Director Wesley Ruggles is a pre-Code master. Besides “No Man of Her Own”, he directed Mae West’s “I’m No Angel” (1933) and did uncredited work in “Cimarron” (1931) - he doesn't appear as the director in the credits, it's only "a Wesley Ruggles production". He also did “The Plastic Age” (1925), in which both Gable and Lombard appeared as extras, sharing no scenes. And if you’re wondering: yes, Wesley is related to beloved character actor Charles Ruggles – they are brothers.


Tanto Gable quanto Lombard estavam casados quando filmaram “Casar por Azar”. Gable era casado com Rhea Langham, sua segunda esposa. Lombard era casada com o ator William Powell, de quem ela continuou amiga após o divórcio. De acordo com o IMDb, Gable e Lombard se mostraram indiferentes em relação um ao outro durante as filmagens, embora seus personagens tenham muita química.

Both Gable and Lombard were married when they made “No Man of Her Own”. Gable was then married to Rhea Langham, his second wife. Lombard was married to fellow actor William Powell, with whom she remained friends after the divorce. According to IMDb, Gable and Lombard were indifferent at each other while shooting the film, although the two characters have immense chemistry.


Carole Lombard não foi a primeira opção para interpretar Connie – foi Miriam Hopkins. Curiosamente, aqui Carole se parece um pouco com Jean Harlow, que começou uma bem-sucedida parceria com Gable em 1932. Tanto a persona cinematográfica de Harlow quanto a personagem de Carole têm cabelo claro, grande elegância, otimismo e alegria contagiante.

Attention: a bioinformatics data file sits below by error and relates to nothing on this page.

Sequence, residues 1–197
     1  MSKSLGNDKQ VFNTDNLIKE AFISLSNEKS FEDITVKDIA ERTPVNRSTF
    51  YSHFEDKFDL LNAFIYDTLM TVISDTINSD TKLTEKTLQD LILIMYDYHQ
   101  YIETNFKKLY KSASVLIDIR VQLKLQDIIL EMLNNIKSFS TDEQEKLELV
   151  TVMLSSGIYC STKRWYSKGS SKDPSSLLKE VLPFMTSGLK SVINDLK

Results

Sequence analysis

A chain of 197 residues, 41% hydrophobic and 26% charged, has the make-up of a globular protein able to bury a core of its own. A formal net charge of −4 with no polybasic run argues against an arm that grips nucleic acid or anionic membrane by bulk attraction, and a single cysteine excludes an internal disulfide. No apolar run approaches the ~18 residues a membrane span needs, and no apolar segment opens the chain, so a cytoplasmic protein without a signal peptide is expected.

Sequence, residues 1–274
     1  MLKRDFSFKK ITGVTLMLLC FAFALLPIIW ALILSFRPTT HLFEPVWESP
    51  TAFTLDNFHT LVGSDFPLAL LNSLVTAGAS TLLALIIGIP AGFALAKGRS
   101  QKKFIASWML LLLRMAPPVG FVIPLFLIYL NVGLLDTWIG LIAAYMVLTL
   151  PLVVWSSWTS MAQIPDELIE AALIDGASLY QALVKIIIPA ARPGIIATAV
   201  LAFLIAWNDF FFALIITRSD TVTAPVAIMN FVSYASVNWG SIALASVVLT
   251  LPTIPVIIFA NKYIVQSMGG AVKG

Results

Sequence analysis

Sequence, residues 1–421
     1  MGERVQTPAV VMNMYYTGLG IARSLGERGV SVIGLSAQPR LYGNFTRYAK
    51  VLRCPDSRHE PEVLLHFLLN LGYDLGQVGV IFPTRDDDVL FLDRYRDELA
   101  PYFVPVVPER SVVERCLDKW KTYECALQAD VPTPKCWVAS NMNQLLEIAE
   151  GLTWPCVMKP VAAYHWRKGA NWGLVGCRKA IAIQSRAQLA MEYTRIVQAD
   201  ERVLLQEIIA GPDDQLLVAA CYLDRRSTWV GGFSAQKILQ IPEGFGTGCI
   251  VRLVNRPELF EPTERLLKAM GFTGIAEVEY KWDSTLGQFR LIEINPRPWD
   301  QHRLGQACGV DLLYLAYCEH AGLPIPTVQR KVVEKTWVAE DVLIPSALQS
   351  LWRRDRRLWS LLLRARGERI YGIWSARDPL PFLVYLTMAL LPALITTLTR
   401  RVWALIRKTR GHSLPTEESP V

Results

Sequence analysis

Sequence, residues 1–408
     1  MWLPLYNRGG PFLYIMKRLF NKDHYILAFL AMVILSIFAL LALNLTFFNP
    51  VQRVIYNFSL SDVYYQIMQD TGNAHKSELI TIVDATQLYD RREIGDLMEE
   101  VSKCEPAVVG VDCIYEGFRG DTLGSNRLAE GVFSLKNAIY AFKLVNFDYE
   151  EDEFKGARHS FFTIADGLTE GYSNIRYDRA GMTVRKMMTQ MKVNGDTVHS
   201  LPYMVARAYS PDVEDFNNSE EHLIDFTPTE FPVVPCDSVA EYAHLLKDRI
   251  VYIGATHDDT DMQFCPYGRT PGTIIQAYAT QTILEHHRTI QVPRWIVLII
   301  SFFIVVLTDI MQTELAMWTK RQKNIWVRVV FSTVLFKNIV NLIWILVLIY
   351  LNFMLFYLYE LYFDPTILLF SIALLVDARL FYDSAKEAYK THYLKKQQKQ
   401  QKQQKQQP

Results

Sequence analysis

Carole Lombard wasn't the first choice to play Connie – it was Miriam Hopkins. Curiously, here Carole looks a little like Jean Harlow, who started her successful partnership with Gable in 1932. Both Harlow's screen persona and Lombard's character have light hair, a great fashion sense and a contagious joy and optimism.


“Casar por Azar” não é uma screwball comedy. Ao misturar crime e romance, o filme se parece mais com outras produções estreladas por Clark Gable no período pre-Code – em especial “Possuída”, de 1931 – e ele desafia qualquer tipo de classificação em gêneros e subgêneros. Com 81 minutos, é um filme rápido e divertido – e que mostra tudo o que os cineastas podiam fazer antes de a censura chegar.

“No Man of Her Own” isn’t a screwball comedy. Mixing crime and romance, it looks more like other Clark Gable pre-Codes – 1931’s “Possessed” comes to my mind – and it defies all kinds of classification in genres and subgenres. Clocking in at 81 minutes, it’s a quick, enjoyable movie – and it shows the wonders filmmakers could accomplish before censorship came.

This is my contribution to the Second Clark Gable blogathon, hosted by Michaela at Love Letters to Old Hollywood.


3 comentários:

Caftan Woman disse...

I know I haven't seen this picture, and I know that I definitely will the next time the opportunity arises. You make it seem like a genuine pre-code delight.

PS: As a fan of Wesley Ruggles I don't believe he was uncredited on Cimarron. In fact, he was nominated for the Oscar. I am perfectly willing to stand corrected. Despite what the hubby says, I know I don't know everything.

Brittaney disse...

I've always found it rather fascinating seeing Gable and Lombard on screen together during a time before there was any real attraction between them. Since their film chemistry is strong, it makes me wonder what changed between them to generate a real physical attraction.

I'm glad you shared a bit about the director Wesley Ruggles. Many times when I watch a pre-code I enjoy, I'll notice Ruggles is the director, but I never really realized how many great films he was a part of.

Michaela disse...

This film looks so great! I had heard about it before, but I wasn't really intrigued until I read your wonderful review. I also agree with Brittaney -- it's fascinating that Gable and Lombard didn't come together until some years after the film.

Thanks for contributing to my blogathon!